More than esthetics — the naming convention

With right naming writing and reading code is much easier. The right — logical — convention also helps a programmer to come up with appropriate name, because a language designer already anticipated given case.

I don’t have a personal favorite way of writing code, I came from C++ world with underscores and I adapted to C# PascalCase smoothly — I want to make Skila naming great, considering what we already know about Java, C#, modern IDEs, and so on.

PascalCase — for example “HashSet”.

PascalCase too. This includes enum elements (because they are constant values). The immutable objects are not considered here a real constant:

def Pi Double = 3.14; // true constant
const obj = new Foo(); // immutable instance 

No “I” at the beginning (like in Java). So far I recognize few issues with this approach:

  • in favor — if you change the interface into an abstract class you don’t have to change its name (or the file name),
  • disadvantage — it is easy to run out of the good names,
  • another one — “I” takes little space and yet it helps a lot when reading or writing the code to differentiate between just an interface and real class.

Template parameters
All uppercase with underscores, like “TREE_NODE”.

Function parameters

Local variables
All lower case with underscore as separator — you cannot beat the speed of typing it, and unlike parameters they are not part of the API (i.e. they don’t have to look nice).

Non-private type members
camelCase — like “getCount”. I don’t like loosing upper case letter but the fact is — with short names it is quicker to type the code by yourself, not using IntelliSense, and then every Shift keystroke slows you down — the most apparent case is a member with just single word, like “count”, “map”. In such case typing feels more like flying over the words.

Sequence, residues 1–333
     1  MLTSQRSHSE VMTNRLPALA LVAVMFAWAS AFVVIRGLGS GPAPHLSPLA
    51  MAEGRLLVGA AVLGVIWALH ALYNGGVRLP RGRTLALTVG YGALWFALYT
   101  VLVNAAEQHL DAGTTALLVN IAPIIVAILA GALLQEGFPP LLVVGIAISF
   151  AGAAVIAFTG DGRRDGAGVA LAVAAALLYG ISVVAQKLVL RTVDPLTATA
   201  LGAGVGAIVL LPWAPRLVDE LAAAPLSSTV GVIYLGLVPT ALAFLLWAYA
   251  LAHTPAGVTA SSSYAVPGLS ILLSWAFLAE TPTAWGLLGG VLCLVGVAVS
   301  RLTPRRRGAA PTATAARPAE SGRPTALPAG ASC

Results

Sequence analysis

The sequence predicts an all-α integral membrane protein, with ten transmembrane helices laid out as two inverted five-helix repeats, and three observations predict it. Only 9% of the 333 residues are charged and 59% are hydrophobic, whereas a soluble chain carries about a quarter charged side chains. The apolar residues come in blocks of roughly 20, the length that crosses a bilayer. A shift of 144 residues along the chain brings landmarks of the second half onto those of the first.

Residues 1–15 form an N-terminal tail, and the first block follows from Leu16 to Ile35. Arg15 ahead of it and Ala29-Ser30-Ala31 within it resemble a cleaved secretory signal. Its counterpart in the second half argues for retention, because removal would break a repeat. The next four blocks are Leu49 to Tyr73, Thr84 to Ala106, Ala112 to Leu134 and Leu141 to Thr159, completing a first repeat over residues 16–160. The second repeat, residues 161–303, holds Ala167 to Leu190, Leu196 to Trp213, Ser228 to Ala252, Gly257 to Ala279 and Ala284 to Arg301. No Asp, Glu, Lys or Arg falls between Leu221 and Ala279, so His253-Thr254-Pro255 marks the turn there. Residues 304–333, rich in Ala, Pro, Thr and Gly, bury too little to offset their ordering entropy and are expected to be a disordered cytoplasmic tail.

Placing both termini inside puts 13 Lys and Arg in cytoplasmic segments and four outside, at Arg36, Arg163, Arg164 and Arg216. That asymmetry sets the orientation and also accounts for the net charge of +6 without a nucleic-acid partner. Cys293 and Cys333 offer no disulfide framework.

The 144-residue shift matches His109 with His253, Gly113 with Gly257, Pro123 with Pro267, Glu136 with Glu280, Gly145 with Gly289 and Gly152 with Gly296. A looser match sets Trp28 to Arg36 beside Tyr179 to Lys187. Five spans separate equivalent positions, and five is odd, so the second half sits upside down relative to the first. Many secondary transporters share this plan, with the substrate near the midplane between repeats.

On the other hand I like the separation on public and non-public members by the case — PascalCase for the former, and camelCase for the latter.

Private type members
camelCase prefixed with underscore. The major reason is scenario like the one presented below (C# syntax):

private int _height;
public int height 
  get { return _height; }
  set { _height = value; }

Since the name should reflect the meaning, the core name has to be the same — of the property and its backing up field. Not having mentioned before PascalCase and camelCase duality the other approach is to add underscore. And since you sometimes have to prefix private field with underscore, do it always.

I would be grateful for your critique or links to good insights on this subject (not easy to find because of all heated opinions), StackExchange usually kills any discussion but this one survived — Are there established alternatives to ISomething / ISomethingable for interfaces?.

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